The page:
General Auguste-François-Marie Colbert de Chabanais


Auguste-François-Marie Colbert de Chabanais Cavalry general and Marshal Murat's aide-de-camp who was killed by a British sniper at Cacabelos



Born: November 18, 1777

Place of Birth: Paris, Paris, France

Imperial Nobility: Baron

Died: November 9, 1808

Cause of Death: Killed in action

Place of Death: Cacabelos, Spain

Arc de Triomphe: COLBERT on the west pillar




The youngest of three brothers who rose to become cavalry commanders, Auguste-François-Marie Colbert de Chabanais was actually the first to join the army. At the young age of 15, Colbert embraced the Revolution and volunteered in the National Guard of Tarbes in 1792. Over the next few years, he served in the Army of the West, becoming a chasseur in the 7th Regiment in early 1794 and then in August of 1795 joining the 15th Chasseurs à Cheval. In October of that year he was promoted to lieutenant and placed in the 1st Battalion of Volunteers of Loire-Inférieure. In 1796 General Grouchy noticed Colbert and made him an aide-de-camp, and alongside Grouchy Colbert then participated in the failed expedition to Ireland.

In 1797 Colbert joined the Army of Italy where he met General Murat, who promoted him to capitaine and took him on as an aide-de-camp. Accompanying the expedition of Egypt in 1798, Colbert fought at Salahieh and was later promoted by General Bonaparte to chef d'escadrons in the 4th Chasseurs à Cheval. At the Siege of Acre in May of 1799, Colbert was wounded when he was shot in the thigh.

Returning to France in the year 1800 with Desaix, Colbert was also able to rejoin the army shortly before the Battle of Marengo, where he served as an aide-de-camp to Murat again. A promotion to chef de brigade of the 10th Chasseurs à Cheval followed. Murat served as one of his witnesses at Colbert's wedding when in 1803 Colbert married the daughter of General Canclaux.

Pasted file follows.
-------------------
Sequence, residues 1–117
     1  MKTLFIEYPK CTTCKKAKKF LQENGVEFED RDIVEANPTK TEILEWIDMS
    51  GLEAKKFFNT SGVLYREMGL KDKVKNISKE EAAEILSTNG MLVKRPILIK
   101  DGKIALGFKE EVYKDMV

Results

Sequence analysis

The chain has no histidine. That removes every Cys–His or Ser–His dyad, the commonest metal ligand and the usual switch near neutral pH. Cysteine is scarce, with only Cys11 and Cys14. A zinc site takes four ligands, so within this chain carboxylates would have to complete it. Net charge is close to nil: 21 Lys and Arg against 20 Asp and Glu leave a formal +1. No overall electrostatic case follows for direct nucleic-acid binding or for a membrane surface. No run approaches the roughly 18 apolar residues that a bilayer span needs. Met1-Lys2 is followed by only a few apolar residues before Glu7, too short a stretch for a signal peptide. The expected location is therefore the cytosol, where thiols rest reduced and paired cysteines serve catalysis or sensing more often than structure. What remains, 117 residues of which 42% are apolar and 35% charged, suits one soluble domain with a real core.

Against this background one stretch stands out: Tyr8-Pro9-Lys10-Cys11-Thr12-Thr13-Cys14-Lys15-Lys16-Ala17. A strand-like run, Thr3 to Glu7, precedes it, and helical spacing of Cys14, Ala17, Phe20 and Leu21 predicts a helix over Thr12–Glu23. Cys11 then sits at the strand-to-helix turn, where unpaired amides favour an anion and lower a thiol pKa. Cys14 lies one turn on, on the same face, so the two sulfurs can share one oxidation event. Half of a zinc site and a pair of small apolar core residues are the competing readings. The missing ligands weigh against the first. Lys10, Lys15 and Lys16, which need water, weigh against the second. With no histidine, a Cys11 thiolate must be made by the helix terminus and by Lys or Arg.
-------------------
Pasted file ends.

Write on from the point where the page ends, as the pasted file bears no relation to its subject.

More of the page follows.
Colbert served with the army during the campaign of 1805, and afterwards he was promoted to général de brigade at age 28. Sent on a mission to St. Petersburg in 1806, he returned to the army to command a brigade of light cavalry of Marshal Ney's VI Corps. Ney once said that he always slept peacefully when Colbert was in command of his outposts.1 With VI Corps Colbert participated throughout the campaigns against the Fourth Coalition in 1806 and 1807, serving at the Battle of Jena and the Battle of Friedland.

1808 was a notable year for Colbert de Chabanais, as he was made a Baron of the Empire and fatefully sent to Spain. After serving under Marshal Bessières at Medina del Rio Seco, he later fought at Tudela under Marshal Lannes before taking command of a brigade of light cavalry under Marshal Ney again. Two months later, at Cacabellos he led an attack on a well-defended bridge. Noticing the dashing cavalry general leading the French, the British offered a reward to anyone who could bring down the gallant Frenchman. A sharpshooter took aim and with a single shot, hit Colbert de Chabanais in the head, nearly killing him. Fifteen minutes later, he was dead, and the British later denied having offered a reward for his death.


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Updated January 2016

© Nathan D. Jensen